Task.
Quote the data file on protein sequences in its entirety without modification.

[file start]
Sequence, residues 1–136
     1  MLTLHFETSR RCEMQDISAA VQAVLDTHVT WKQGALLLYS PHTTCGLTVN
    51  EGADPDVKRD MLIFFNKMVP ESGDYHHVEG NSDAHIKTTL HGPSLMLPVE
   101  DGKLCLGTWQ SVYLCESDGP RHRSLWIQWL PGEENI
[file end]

Sequence, residues 1–136
     1  MLTLHFETSR RCEMQDISAA VQAVLDTHVT WKQGALLLYS PHTTCGLTVN
    51  EGADPDVKRD MLIFFNKMVP ESGDYHHVEG NSDAHIKTTL HGPSLMLPVE
   101  DGKLCLGTWQ SVYLCESDGP RHRSLWIQWL PGEENI